Smooth operator: Timberlake onstage with a dancer at Motorpoint Arena. (Photo: Getty Images)
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Justin Timberlake, the 20/20 Experience Tour

“This is too good. Will the pleasure never end?” asks Kate Mossman as she witnesses the endothermic showman Justin Timberlake in concert in Sheffield.

Justin Timberlake
Motorpoint Arena, Sheffield

There’s an idea – peculiarly British – that flawless musicianship sometimes comes at the expense of soul. I think it’s something put about by non-musicians trying to deal with the sick feeling of seeing someone brilliant onstage. Watching a great musician is like watching a wire-walker. You’re jittery, elated, adrenalised – but what can you do about it, standing in the crowd like Soft Mick? I felt this way when I saw Dweezil Zappa at the Barbican in 2011, duetting with a giant, pixelated version of his dad: this is too good. Will the pleasure never end? And I felt it so much at Justin Timberlake’s gig in Sheffield on 30 March that I had to leave before the last song and retire to bed to watch YouTube clips of the tour instead, better able to contend with my excitement on a 12-inch screen.

Timberlake and his 11-piece band the Tennessee Kids are rammed in a tiny space at the front of the stage for the drinking song “Drink You Away”. One of the backing singers is on the floor, a leg folded under her; one of the horn players looks like John Shuttleworth; every musician is singing. This moment of carefully choreographed chaos, an unusual use of a vast, clean space, is one of several simple but innovative production tricks tonight. Another is the interval (every big show should have an interval); another is the moving Perspex runway hanging across the crowd, raking the entire arena front to back so everyone, at some point, gets a close-up look at Timberlake’s face.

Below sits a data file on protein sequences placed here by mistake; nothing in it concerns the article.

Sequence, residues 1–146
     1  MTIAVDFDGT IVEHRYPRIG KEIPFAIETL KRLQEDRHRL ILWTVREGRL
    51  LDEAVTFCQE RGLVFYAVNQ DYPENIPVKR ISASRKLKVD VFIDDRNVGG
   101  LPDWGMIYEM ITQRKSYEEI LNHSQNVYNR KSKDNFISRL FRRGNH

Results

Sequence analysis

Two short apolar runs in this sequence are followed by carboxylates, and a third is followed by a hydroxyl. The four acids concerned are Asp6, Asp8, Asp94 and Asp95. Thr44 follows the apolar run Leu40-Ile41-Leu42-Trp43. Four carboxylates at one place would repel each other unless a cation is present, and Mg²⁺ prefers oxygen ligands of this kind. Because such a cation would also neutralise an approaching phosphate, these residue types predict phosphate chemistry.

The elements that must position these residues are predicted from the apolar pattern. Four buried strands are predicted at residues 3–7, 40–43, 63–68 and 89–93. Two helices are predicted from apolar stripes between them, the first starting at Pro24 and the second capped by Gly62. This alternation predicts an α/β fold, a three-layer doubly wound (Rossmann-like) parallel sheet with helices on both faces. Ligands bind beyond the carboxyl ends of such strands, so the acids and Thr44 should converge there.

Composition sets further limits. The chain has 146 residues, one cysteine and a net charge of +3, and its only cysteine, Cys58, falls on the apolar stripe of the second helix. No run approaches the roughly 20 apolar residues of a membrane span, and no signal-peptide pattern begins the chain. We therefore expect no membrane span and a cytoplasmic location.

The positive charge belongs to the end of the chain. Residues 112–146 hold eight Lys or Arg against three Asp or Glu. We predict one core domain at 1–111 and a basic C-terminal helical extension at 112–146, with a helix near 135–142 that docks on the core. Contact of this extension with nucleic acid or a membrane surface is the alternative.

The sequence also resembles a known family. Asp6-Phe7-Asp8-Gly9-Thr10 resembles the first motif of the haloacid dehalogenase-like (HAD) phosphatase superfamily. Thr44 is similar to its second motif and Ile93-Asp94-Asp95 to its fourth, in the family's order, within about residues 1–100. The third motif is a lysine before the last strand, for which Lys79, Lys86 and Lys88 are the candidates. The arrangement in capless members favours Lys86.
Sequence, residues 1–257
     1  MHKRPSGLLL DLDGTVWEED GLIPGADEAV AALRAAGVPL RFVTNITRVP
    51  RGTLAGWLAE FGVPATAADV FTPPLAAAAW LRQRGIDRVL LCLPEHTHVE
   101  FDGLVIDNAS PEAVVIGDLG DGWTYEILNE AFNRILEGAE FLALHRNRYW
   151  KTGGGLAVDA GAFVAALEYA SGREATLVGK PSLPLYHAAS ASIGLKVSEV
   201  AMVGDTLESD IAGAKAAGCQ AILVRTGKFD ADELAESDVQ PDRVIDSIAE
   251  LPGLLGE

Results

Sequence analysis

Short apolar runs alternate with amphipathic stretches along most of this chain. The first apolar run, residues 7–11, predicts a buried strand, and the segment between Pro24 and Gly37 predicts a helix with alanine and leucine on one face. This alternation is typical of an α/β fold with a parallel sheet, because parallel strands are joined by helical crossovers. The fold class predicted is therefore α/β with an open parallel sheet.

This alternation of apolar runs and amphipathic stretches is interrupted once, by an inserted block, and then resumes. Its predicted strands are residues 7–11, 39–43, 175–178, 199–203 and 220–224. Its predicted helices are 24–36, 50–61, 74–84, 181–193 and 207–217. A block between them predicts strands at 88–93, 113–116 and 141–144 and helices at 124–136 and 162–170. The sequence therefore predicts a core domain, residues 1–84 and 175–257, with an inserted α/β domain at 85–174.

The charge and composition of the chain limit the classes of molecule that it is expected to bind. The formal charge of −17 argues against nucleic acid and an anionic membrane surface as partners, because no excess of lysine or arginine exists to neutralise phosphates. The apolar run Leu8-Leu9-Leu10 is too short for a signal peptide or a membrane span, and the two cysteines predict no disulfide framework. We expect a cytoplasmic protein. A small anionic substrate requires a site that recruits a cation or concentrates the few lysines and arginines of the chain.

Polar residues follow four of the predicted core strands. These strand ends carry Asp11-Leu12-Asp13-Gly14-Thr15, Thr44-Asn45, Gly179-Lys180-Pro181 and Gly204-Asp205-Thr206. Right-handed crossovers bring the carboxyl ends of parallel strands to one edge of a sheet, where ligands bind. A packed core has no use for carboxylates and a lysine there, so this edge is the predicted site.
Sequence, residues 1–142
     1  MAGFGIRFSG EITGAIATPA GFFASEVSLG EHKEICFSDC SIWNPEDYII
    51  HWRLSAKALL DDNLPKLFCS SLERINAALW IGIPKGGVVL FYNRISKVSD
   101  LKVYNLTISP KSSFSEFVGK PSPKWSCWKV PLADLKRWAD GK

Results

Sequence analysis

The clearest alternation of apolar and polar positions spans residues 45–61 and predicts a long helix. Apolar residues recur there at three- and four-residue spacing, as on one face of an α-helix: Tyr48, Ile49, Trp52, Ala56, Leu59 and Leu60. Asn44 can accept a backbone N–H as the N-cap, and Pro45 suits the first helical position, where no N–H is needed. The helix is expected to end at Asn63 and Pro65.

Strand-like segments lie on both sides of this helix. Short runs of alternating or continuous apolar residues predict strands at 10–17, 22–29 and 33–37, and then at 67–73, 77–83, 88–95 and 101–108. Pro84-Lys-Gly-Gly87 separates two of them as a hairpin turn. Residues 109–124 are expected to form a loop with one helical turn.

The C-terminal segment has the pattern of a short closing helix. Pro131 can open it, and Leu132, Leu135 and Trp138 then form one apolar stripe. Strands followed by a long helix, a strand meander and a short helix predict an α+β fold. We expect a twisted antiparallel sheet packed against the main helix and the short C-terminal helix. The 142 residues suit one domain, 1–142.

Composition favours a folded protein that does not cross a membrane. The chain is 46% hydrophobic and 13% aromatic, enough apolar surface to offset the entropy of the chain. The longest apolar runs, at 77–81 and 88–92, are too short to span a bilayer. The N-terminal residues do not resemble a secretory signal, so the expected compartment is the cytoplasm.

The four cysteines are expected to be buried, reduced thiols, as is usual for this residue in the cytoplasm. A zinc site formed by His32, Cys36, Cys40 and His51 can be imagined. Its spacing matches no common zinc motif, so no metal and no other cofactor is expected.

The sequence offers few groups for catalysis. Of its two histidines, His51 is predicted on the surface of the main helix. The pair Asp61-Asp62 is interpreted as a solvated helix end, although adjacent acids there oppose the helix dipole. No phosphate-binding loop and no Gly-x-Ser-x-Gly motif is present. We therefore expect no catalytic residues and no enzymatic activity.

Gigs of this size often feel like a one-way deal: pop royalty puts on wonderful pageant for the scrofulous masses, exits exhausted, does it all again the following night. But I can testify, from my position under the plastic rung, that Timberlake appears to be one of those rare endothermic showmen whose energy is continually topped up by little collisions with the crowd. His eyes dart from face to face and he bites his bottom lip like he’s trying not to laugh. It’s probably just the way he’s wired – he’s got ADHD – but he’s one of the only musicians I’ve seen who appears to be more lively at the end of the show than at the start, like some kind of strange Duracell bunny in spats.

Born in Memphis, he was a child star on the Disney show The All-New Mickey Mouse Club, alongside a pubescent Britney, Christina Aguilera and Ryan Gosling. After a stint with the boy band ’N Sync, he reinvented himself at the turn of the millennium with a slick 1970s soul-funk sound, just before everyone else started doing that kind of thing. He went into movies and established himself as someone with a brain through various satirical TV skits, including one in which he played Elton John singing a version of “Candle in the Wind” for Hugo Chávez (Saturday Night Live). Last year’s album The 20/20 Experience impressed the kind of people who call themselves “serious music fans” with its intricate, eight-minute, Quincy Jones-style soul-pop songs. When our distant forebears look back on popular music, they will not be able to distinguish between the best of his output – such as “Rock Your Body” – and a tune by Michael Jackson. His voice is a bit bleaty at times but that goes with the territory.

The Tennessee Kids rise from below the stage – congas first, shiny as a fire engine, then horns, each player sprouting up behind a little grey lectern, like tombstones in a cartoon haunted house. The string players backstage appear as huge shadows, reminding me of the scary brooms in “The Sorcerer’s Apprentice”.

The 20/20 Experience seems an appropriate name for a show that synthesises vast swaths of 20th-century pop culture, from speakeasies to James Bond, Prince to Stevie Wonder, and its recent incarnations in Janelle Monáe and Outkast. There are moments of musical trickery, such as when he folds the last chorus of Jackson’s “Human Nature” into his own song and passes it through a minor key. As he strolls at one end of the arena, John Shuttleworth and friends play Miles Davis’s “So What” casually at the other, as if it were an afterthought.